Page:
We probe the binding energy of the tetramers using microwavefield modulation association spectroscopy. We start the experiment with a circularly polarized microwave field at a Rabi frequency Ω = 2π × 29(1) MHz and detuning Δ = 2π × 9.5 MHz (ref. ^{42}). We then quickly ramp the microwave in 100 μs to a target ellipticity ξ above the fieldlinked resonance and modulate the ellipticity at various frequencies for up to 400 ms. The ellipticity ξ is defined such that tanξ gives the ratio of the left and righthanded circularly polarized field components. When the modulation frequency ν is slightly above the binding energy, tetramers are formed and subsequently decay into lower dressed states accompanied by a large release energy. This leads to a reduction in the remaining dimer number, which we detect in the experiment. As shown in Fig. 2a, we observe clear asymmetric line shapes in the spectra, in which the onset frequency of the tetramer association corresponds to the binding energy of the tetramer (Methods).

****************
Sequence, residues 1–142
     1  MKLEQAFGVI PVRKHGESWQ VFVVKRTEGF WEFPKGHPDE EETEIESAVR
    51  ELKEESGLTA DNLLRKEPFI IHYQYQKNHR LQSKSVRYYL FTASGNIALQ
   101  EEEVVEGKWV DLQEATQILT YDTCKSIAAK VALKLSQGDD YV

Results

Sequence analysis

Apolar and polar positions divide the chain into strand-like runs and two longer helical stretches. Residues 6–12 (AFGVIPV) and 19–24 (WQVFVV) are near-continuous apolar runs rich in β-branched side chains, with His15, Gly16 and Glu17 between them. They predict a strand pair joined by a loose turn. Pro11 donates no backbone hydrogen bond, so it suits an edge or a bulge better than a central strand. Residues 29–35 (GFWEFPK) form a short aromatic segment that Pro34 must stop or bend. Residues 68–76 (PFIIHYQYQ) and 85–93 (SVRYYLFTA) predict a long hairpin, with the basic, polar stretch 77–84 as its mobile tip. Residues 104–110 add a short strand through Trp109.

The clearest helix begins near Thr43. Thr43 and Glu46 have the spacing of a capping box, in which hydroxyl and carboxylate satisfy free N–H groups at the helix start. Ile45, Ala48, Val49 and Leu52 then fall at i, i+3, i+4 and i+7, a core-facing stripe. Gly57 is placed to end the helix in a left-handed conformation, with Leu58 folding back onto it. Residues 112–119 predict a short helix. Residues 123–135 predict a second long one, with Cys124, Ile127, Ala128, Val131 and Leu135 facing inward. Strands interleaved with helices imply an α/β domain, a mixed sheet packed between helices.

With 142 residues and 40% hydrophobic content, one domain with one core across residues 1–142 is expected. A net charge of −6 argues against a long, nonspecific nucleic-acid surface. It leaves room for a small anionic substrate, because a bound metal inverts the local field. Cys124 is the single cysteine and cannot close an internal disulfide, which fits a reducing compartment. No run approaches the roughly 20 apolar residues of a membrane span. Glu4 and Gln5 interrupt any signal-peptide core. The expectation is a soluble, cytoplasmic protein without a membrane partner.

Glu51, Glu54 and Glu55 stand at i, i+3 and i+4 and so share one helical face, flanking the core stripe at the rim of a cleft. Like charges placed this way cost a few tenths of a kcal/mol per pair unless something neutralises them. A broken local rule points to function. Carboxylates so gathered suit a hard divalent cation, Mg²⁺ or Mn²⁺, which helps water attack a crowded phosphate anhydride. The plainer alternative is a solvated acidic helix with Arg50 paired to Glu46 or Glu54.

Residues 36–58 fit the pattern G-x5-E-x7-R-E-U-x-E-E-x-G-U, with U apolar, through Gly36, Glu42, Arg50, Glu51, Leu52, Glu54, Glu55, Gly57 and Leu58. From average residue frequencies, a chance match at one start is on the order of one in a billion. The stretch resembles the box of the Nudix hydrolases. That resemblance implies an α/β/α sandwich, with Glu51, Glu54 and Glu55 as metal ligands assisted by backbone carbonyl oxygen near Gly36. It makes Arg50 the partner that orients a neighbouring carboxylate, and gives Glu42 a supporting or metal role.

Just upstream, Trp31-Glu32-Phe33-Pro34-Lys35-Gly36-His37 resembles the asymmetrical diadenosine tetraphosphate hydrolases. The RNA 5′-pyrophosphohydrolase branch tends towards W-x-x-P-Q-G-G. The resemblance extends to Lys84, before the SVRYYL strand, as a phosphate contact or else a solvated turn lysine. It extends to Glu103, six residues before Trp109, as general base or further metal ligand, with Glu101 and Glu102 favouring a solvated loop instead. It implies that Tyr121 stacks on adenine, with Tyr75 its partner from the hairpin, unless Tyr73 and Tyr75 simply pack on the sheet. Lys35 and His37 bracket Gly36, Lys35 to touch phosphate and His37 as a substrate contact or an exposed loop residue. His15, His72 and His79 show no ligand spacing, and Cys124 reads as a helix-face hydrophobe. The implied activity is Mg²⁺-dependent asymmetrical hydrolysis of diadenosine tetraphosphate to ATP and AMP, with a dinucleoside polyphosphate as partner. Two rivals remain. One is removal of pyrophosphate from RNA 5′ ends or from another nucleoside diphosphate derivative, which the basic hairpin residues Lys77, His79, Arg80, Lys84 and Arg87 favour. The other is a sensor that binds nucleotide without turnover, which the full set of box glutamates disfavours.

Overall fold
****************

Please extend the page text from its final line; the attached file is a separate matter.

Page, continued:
Next, we probe the lifetime of the tetramers by measuring their loss dynamics. The dominant loss process for tetramers is spontaneous dissociation into lower microwavedressed states^{40} (F.D. et al., manuscript in preparation) accompanied by a large gain in kinetic energy, which, effectively, leads to a onebody decay of the tetramer number. To investigate this process, we first create tetramers by ramping the ellipticity to ξ = 8(1)° in 0.67 ms, and then quickly ramp to a target ellipticity in 20 μs. There we hold for a variable time, then reverse the ellipticity ramps to dissociate the tetramers back to dimer pairs to map the loss of tetramers during the hold time onto the total dimer number. We turn off the trap after the association to minimize collisional loss. We observe a fast initial decay, in which the decay rate increases with the binding energy of the tetramers (Fig. 2c, inset). These initial decays are much faster than the expected dimer–dimer collisional loss rates and are absent if we jump from ξ = 0° to the target ellipticity, so that no tetramers are expected to form. We, therefore, attribute this initial decay to the onebody loss of the tetramers. A maximum of 8(2) ms lifetime is observed near the dissociation threshold. With higher Rabi frequencies and at circular polarization, theory predicts lifetimes in excess of 100 ms at E_{b} < h × 4 kHz, where h denotes the Planck constant (Methods). Additional measurement of lifetimes in the trap suggests that tetramers are collisionally stable against collisions with dimers or other tetramers (Methods).